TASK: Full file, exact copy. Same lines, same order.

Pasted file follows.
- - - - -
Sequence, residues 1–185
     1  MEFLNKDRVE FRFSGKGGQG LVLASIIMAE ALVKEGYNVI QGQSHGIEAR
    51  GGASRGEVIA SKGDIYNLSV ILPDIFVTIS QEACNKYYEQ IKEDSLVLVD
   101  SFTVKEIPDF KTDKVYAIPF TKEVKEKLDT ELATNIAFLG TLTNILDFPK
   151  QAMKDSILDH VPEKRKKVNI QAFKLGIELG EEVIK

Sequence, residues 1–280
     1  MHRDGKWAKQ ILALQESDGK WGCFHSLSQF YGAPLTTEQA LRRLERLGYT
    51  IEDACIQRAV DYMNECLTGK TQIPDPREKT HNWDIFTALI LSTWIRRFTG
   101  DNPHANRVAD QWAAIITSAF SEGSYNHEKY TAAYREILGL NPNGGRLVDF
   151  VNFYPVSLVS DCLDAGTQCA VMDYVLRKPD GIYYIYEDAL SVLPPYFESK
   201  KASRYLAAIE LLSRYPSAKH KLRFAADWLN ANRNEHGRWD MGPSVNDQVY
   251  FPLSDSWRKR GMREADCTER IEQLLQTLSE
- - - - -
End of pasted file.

Sequence, residues 1–185
     1  MEFLNKDRVE FRFSGKGGQG LVLASIIMAE ALVKEGYNVI QGQSHGIEAR
    51  GGASRGEVIA SKGDIYNLSV ILPDIFVTIS QEACNKYYEQ IKEDSLVLVD
   101  SFTVKEIPDF KTDKVYAIPF TKEVKEKLDT ELATNIAFLG TLTNILDFPK
   151  QAMKDSILDH VPEKRKKVNI QAFKLGIELG EEVIK

Sequence, residues 1–280
     1  MHRDGKWAKQ ILALQESDGK WGCFHSLSQF YGAPLTTEQA LRRLERLGYT
    51  IEDACIQRAV DYMNECLTGK TQIPDPREKT HNWDIFTALI LSTWIRRFTG
   101  DNPHANRVAD QWAAIITSAF SEGSYNHEKY TAAYREILGL NPNGGRLVDF
   151  VNFYPVSLVS DCLDAGTQCA VMDYVLRKPD GIYYIYEDAL SVLPPYFESK
   201  KASRYLAAIE LLSRYPSAKH KLRFAADWLN ANRNEHGRWD MGPSVNDQVY
   251  FPLSDSWRKR GMREADCTER IEQLLQTLSE